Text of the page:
I had the opportunity to interview Greg Smorzewski, HR Director for Community Hospital of the Monterey Peninsula, who shared a simple way to identify candidate’s motives in the hiring process. Since he develops Community Hospital’s healthcare workforce, his answers focus on that industry but they’re relevant to hiring in other industries.
After 15 years in healthcare human resources, Greg Smorzewski’s speciality is “finding people who are getting into healthcare for the right reasons.” Smorzewski’s main goal as HR Director is “to create an environment that’s beneficial for patients and employees.” It’s essential, then, that he find candidates who get into healthcare for the right reasons. Not only candidates who will stick around (which helps the organization), but candidates who will do a great job for the patients (which helps everybody).
This is interesting to me since identifying the reasons someone is taking a job are so subjective. How do you identify someone’s motives? I wondered.
A Conversation with Greg Smorzewski
How do you find people who are getting into healthcare for the right reasons?
GS: It’s actually simpler than a lot of people would think. There’s a lot of different avenues to get there. You could do behavioral interviewing and you could ask a series of questions.
“I keep it very simple and ask people why they got the job.”
I do everything from a pretty simplistic standpoint and try to keep things very honest. Just that initial honest feedback that you get from an applicant is probably the best and most beneficial information you get from somebody.
What’s an example of the right answer to that question?
GS: I’ve heard a lot of right answers. The one that comes to the forefront is maybe they had a family member that they had to see go through the healthcare system. Or maybe they had a family member who was a part of the healthcare system. Or they just have a passion for helping people and they just understand the nature of this work—they just understand the nature of this work, not matter what job you’re in at any hospital, is taking care of patients.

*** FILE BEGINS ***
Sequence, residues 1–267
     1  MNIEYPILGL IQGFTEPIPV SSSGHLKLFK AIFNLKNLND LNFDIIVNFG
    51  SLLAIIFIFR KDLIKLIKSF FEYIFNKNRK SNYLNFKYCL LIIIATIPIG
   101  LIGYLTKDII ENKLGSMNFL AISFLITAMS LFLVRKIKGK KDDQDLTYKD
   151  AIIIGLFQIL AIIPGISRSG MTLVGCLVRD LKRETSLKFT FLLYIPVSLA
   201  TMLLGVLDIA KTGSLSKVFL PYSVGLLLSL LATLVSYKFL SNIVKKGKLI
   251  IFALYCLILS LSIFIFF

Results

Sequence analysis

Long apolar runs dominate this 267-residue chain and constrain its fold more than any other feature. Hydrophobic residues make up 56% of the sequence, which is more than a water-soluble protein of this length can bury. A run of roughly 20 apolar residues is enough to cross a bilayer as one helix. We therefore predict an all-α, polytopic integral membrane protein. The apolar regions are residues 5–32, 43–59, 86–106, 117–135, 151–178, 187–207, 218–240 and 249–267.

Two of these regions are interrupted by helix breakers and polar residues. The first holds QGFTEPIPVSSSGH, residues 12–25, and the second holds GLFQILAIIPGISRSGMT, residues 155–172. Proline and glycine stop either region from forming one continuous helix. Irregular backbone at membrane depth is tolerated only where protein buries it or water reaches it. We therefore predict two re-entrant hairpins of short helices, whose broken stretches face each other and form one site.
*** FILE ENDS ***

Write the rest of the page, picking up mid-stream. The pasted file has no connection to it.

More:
What are your top 3 pieces of advice for other HR Directors?
GS: 1. Work hard and put structure into place.
Number one is the hard work. It’s building structure into how you do your recruiting, so you don’t come in to work not knowing what you’re going to do that day. Having structure of how you’re going to be sourcing candidates and the timing of how you’re going to be sourcing candidates, when you’re going to be interviewing candidates. With that structure, allows the ability to keep on top of all the different openings your recruiters are facing.
2. Use a wide variety of solutions.
I don’t think there’s a magic bullet out there. Using as many different solutions as possible is very helpful. For us, we use pretty much everything we can get our hands on…. You name it, we’re using it to try to find candidates. Getting that variety out there is extremely important.
3. Be lucky 🙂
Nuf said. Thanks Greg, for taking the time to talk.
My Reflections On Identifying Motives in the Hiring Process
Motives are a tricky thing, even within ourselves, let alone a professional environment where people’s future jobs are on the line. Yet, how important they are! The negative risk is being judgmental, but the opposite risk is equally to be avoided: to be naive during the hiring process. So when we talk about motives here, we’re not talking about judging someone’s character or whatever; we’re talking about their motives in relationship to jobs—the job they’re applying for in particular.
So Greg asks people why they wanted the job, he’s not trying to look deep into their soul. He’s just trying to gauge their gut-level response. It’s amazing how honesty comes out of those situations.
Two Practical Takeaways
For Candidates: Before your next interview answer honestly and clearly why you want the job. Then, whether or not the interviewer asks you, make it a point (if appropriate) to share your motives. This builds trust and may get you the job.
For Employers: Before your next interview with a candidate, make a list with two columns 1) bad motives for wanting this position and 2) good motives for wanting this position. That way you can more easily identify deal-breaker answers when you ask them “Why do you want this job?” Once they answer the question, see whether their answer matches closer to the “good motives” column. This is one data point for making a solid hiring decision and on-boarding your next great employee.